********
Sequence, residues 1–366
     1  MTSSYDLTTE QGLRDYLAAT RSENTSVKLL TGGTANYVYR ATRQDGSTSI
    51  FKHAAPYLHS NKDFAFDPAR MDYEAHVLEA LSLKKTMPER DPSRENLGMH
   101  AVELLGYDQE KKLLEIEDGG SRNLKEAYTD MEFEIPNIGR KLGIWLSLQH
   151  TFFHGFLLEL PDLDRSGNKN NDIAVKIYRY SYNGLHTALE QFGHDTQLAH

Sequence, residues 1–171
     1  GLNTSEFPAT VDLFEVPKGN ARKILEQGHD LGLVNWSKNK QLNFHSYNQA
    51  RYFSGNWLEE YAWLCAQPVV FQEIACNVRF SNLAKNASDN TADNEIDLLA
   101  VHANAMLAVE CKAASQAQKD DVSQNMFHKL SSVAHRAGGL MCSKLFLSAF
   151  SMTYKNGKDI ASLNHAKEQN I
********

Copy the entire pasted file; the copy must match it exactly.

Sequence, residues 1–366
     1  MTSSYDLTTE QGLRDYLAAT RSENTSVKLL TGGTANYVYR ATRQDGSTSI
    51  FKHAAPYLHS NKDFAFDPAR MDYEAHVLEA LSLKKTMPER DPSRENLGMH
   101  AVELLGYDQE KKLLEIEDGG SRNLKEAYTD MEFEIPNIGR KLGIWLSLQH
   151  TFFHGFLLEL PDLDRSGNKN NDIAVKIYRY SYNGLHTALE QFGHDTQLAH

Sequence, residues 1–171
     1  GLNTSEFPAT VDLFEVPKGN ARKILEQGHD LGLVNWSKNK QLNFHSYNQA
    51  RYFSGNWLEE YAWLCAQPVV FQEIACNVRF SNLAKNASDN TADNEIDLLA
   101  VHANAMLAVE CKAASQAQKD DVSQNMFHKL SSVAHRAGGL MCSKLFLSAF
   151  SMTYKNGKDI ASLNHAKEQN I